Posts Tagged The National Trust Fan Club
This week I went to a preview performance of ‘The National Trust Fan Club’ by comedy performer Helen Wood prior to the show’s Edinburgh Festival run.
The show is an energetic, light-hearted romp around one hundred National Trust venues. There is also much talk about gift shops, tea shops and cream teas. There’s lots of humour and anyone who’s ever visited NT properties will identify with the content.
But what impressed me most about Helen’s performance was the way she remembered all the words! She talked non-stop for an hour and a quarter without the obvious use of any prompt or notes. When I speak to groups I talk for around 45 minutes, 90% of that time without looking at notes. However, I do have four index cards which contain quotes that I read to get the wording correct. I also have the comfort blanket of an A4 sheet containing a list of bullet points which I can glance at, should my mind go blank and I forget which section comes next (rarely happens – touch wood!). Helen had none of this but she did reel off dates, names and statistics.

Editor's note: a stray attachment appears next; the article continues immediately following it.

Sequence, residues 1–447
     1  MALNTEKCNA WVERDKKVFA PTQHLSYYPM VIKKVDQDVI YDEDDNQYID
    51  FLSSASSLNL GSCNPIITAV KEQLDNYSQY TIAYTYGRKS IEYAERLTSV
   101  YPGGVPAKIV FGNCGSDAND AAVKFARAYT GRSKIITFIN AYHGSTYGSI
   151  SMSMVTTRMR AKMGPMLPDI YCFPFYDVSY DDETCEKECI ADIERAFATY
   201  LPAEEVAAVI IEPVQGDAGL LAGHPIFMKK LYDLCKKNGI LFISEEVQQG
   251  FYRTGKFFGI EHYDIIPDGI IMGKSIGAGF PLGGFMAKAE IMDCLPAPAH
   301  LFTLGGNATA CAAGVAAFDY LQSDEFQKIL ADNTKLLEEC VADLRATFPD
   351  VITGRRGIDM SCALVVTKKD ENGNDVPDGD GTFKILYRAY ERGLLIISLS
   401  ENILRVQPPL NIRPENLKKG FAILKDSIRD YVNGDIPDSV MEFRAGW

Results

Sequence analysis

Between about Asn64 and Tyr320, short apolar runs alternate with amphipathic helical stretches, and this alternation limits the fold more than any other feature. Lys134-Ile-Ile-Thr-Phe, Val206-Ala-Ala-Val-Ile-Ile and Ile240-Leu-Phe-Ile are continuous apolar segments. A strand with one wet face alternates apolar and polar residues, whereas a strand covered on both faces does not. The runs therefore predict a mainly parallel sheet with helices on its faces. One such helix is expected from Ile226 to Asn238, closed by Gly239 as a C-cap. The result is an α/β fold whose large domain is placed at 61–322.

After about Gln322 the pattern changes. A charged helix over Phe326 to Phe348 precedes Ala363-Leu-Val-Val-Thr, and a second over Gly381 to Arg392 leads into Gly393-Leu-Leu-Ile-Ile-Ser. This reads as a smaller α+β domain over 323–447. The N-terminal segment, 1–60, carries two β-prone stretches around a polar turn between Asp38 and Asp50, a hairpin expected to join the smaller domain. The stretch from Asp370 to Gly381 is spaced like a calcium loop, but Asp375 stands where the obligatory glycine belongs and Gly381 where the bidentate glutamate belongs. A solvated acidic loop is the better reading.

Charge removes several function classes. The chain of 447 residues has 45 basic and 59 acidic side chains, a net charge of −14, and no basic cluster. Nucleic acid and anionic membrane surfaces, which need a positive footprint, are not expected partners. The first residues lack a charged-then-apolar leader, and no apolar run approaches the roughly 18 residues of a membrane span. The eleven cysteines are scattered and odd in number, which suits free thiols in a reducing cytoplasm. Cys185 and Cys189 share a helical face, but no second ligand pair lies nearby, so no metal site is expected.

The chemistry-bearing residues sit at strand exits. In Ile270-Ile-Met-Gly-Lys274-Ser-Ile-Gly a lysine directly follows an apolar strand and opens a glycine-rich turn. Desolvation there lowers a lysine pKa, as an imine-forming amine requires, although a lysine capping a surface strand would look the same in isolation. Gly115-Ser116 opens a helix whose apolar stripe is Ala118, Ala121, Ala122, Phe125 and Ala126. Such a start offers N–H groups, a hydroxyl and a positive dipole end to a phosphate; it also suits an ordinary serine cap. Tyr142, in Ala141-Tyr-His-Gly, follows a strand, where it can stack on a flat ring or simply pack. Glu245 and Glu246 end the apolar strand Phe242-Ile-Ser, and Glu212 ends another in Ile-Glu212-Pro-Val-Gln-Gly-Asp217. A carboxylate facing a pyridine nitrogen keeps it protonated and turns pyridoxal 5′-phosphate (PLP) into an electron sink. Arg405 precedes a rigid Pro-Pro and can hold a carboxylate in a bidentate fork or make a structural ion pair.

So, what’s the best way of minimising the use of notes during a talk?
- Do NOT learn the whole speech off-by-heart. Doing this can mean your delivery will lack emotion and if you lose your place, it can be difficult to pick up the thread again.
- Use a list of bullet points to provide a pathway through the speech. If you will be using a lectern, these can be typed onto a sheet of A4. If the notes will be held in your hand, use index cards because they are less obvious than waving a piece of A4 around.
- Memorise the gist (not the exact wording) of what you will say to expand each bullet point. The actual words you use may vary each time you deliver the speech. This gives you the ability to more easily tailor the speech if time requirements change. Plus you are less likely to panic if you forget a sentence or two.
- Practise! It’s time-consuming but always leads to a better performance.
There are more tips on all areas of public speaking in Public Speaking for Absolute Beginners.